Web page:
My experience pursuing the publication of my first novel is a tale of four countries, three children, two decades, and one relentless quest for U.S. stamps. In 1984 my husband, a journalist with the Voice of America, was transferred from Washington, D.C., to open a new VOA bureau in Geneva, Switzerland. I quit my job as economic advisor to a U.S. Senator, we packed our things, rented our D.C. co-op, and moved overseas with a one-year-old son. It didn’t take long before I was at loose ends after leaving my job on Capitol Hill and staying home as a full-time mom. So in addition to finally learning French, I decided to write a novel. How hard could it be? I’d written non-fiction for years. I could knock this out in no time.
For as long as I can remember I have been captivated by India, a country I romantically envisioned as a spiritual place of vivid colors, capricious deities, squint-eyed snake charmers, multi-hued temples, and fiery food. Growing up I devoured novels about the tumultuous history of Hindustan, a land ruled by sultans and emperors whose names included “the Great,” a vast almost-continent where hennaed women in saris danced sensuously, noble-looking men wore jeweled turbans and rode elephants, and hump-backed cattle roamed freely along dusty, narrow streets.
My husband always marvels at how I (or any writer) can sit down at a computer with nothing but an idea for a story in my head and a year later or, in this case, two years later, he can hold a book in his hand that is the result of that idea. Of course he has listened to me moan, wail, and gnash teeth when the process isn’t going so smoothly, so he does have some idea how the baby is birthed–but still.
Searching for a long-lost botanical treasure in GHOST IMAGE, Sophie Medina visits the famous Chelsea Physic Garden, the second oldest garden in Britain located in a quiet corner of London not far from the Thames River. Founded in 1621, the garden was originally established by the Worshipful Society of Apothecaries. The word “physic” refers to the science of healing since all of the plants grown here were used for medicinal purposes.
I am grateful to have had a tour of this magnificent garden–which is now open to the public and well worth a visit–by its curator Christopher Bailes, who was an immense help with research for GHOST IMAGE.
In GHOST IMAGE, photojournalist Sophie Medina has been hired by an editor who works for the Smithsonian Institution’s publication division to take photographs for a book on the history of the National Mall. On her way out of the Castle she passes by a small room which holds the crypt of the museum’s founder, James Smithson. Later she returns to the Castle when she realizes her editor might know a key piece of information that will lead her to a 200 year old botanical treasure that Sophie believes was the reason Brother Kevin Boyle, a Franciscan friar who was her good friend and a well-known environmentalist, was murdered on the grounds of the Franciscan monastery in Washington, D.C.
Washington can be a dream city to photograph with so many iconic monuments and buildings, but sometimes those of us who live here can take the sites for granted. I happened to be with my husband and son on Constitution Avenue at twilight the other night, heading to a basketball game at the Verizon Center and bemoaning the utter gridlock of D.C. traffic during rush hour as we sat at light after light. Then I looked out the window as we stopped across from this lovely view of the Washington Monument framed by a couple of trees and a solitary empty bench. The two winking red lights at the top of the monument blinked on and I took the shot with my phone . . . and then the traffic light changed.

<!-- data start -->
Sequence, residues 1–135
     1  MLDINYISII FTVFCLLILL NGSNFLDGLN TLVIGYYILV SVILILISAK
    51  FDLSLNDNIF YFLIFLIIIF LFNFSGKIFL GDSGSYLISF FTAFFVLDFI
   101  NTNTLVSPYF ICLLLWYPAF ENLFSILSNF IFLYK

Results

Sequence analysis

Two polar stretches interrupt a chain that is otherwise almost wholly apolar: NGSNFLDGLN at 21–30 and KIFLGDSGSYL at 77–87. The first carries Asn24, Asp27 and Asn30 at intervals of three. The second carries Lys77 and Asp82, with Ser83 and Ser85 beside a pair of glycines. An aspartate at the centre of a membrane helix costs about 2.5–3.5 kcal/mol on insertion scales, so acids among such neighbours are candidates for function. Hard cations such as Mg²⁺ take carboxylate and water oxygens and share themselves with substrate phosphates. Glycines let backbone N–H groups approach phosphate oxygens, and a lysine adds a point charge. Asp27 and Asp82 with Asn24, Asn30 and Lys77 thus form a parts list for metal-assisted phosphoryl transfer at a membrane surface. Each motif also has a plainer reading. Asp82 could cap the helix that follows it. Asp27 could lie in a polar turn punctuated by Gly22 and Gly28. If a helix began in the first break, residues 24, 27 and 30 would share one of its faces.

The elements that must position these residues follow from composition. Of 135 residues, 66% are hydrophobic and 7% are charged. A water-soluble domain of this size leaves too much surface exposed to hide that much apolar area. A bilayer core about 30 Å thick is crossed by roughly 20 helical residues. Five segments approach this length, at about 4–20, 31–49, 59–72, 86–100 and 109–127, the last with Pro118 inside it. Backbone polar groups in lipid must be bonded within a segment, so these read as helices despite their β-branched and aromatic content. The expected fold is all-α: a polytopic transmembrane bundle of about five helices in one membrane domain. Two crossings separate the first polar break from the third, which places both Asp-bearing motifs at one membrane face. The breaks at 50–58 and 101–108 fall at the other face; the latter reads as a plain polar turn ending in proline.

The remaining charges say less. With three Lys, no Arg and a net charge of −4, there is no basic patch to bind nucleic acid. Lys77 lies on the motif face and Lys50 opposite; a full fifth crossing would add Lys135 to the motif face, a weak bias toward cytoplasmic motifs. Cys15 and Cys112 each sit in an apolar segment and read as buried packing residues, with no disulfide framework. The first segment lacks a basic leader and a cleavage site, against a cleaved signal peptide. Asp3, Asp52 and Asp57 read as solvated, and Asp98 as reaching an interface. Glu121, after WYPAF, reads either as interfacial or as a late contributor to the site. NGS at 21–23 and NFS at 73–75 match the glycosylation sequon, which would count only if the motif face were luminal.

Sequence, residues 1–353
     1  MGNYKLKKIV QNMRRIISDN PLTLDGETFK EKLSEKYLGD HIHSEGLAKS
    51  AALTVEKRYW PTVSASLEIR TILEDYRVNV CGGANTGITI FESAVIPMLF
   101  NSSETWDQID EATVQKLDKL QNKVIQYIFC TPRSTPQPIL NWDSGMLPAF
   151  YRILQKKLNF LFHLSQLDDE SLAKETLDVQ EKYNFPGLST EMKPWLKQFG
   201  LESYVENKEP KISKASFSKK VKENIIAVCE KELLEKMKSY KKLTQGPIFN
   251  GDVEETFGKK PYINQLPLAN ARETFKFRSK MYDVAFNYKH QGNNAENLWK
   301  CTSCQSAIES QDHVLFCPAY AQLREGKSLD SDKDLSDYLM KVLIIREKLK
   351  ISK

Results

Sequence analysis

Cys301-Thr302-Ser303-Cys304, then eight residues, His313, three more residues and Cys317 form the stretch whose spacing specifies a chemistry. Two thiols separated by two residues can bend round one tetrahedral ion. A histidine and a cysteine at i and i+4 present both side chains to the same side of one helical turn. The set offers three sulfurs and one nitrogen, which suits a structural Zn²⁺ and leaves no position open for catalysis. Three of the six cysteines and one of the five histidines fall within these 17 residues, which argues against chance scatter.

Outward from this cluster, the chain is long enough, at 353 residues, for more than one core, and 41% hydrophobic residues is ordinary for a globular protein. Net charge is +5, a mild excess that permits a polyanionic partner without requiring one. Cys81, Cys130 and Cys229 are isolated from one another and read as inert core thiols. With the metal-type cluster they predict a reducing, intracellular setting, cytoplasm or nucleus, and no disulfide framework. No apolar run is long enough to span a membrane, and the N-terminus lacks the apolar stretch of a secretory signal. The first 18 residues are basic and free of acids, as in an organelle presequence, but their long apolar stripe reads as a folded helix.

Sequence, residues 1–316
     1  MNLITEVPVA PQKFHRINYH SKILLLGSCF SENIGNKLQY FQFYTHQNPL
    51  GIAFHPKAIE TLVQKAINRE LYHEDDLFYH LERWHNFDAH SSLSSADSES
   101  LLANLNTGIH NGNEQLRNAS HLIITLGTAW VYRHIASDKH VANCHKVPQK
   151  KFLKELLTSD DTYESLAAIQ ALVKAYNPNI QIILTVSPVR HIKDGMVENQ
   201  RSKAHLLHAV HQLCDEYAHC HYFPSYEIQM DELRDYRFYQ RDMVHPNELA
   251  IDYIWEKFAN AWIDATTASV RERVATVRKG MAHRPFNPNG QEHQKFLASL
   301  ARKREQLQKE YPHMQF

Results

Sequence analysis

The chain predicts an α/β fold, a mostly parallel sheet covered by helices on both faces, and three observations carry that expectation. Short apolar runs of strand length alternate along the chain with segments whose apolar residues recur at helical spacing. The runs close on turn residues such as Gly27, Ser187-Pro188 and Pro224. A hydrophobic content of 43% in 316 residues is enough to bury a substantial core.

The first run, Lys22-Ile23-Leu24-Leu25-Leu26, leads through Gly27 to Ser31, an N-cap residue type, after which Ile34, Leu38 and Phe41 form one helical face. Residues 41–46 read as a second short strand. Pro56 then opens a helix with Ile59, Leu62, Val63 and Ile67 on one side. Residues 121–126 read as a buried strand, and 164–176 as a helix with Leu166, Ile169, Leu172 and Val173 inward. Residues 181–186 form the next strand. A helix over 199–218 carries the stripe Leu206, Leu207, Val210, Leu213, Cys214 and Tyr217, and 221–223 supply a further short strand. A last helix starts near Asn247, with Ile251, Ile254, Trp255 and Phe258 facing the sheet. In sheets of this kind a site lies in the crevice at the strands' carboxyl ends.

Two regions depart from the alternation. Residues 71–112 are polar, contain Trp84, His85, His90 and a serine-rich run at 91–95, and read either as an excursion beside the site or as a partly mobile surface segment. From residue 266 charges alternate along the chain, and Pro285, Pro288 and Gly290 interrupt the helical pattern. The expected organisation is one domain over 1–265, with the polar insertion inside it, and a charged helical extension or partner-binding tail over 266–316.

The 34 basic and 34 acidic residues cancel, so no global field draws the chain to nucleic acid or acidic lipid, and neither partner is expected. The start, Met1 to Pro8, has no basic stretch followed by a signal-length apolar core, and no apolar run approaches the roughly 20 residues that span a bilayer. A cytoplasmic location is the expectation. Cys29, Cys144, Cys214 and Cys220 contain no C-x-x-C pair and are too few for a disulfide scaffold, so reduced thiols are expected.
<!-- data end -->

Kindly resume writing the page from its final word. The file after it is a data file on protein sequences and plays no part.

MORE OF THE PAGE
In GHOST IMAGE, photographer Sophie Medina meets her good friend Brother Kevin Boyle, a Franciscan friar who is an internationally known environmentalist, at the Jefferson Memorial Tidal Basin where he confides that he has made an important botanical discovery potentially worth millions. Hours later his body is discovered in the gardens of the Franciscan Monastery in Washington, setting Sophie on the trail of a murderer and a search for a long-lost treasure.
If you live in the Washington, D.C. metro area or you’re visiting over President’s Day weekend, you can take advantage of two unique opportunities: admission to Mount Vernon is free on President’s Day (you might find long lines, but it’s worth the wait!) and the gorgeous Main Reading Room at the Library of Congress is open to the public for the day.
As promised, I am posting a weekly photo previewing GHOST IMAGE, which will be released on April 21, 2015. This picture—Thomas Jefferson’s magnificent 1,000-foot vegetable garden—was taken during a visit to Monticello while I was also attending the annual Virginia Book Festival, which is held every March in Charlottesville.
In GHOST IMAGE, Sophie’s good friend Brother Kevin Boyle, a world-famous international environmentalist and a Franciscan friar, is is found dead in the gardens of the Franciscan Monastery in Washington, D.C. Convinced Kevin’s death was no accident, Sophie remembers that Kevin recently spent time doing research at Monticello and decides to pay a visit.
For the past few weeks my publicist at Scribner and I have been busy arranging events for the upcoming book tour for GHOST IMAGE, the second Sophie Medina mystery which will be released in hardcover on April 21. And a month before that—on March 17—MULTIPLE EXPOSURE will be out as a trade paperback.
Because Sophie is a photographer and because I always take photos of the places where my books are set, please check this blog often over the next twelve weeks to see pictures from some of the scenes in both books.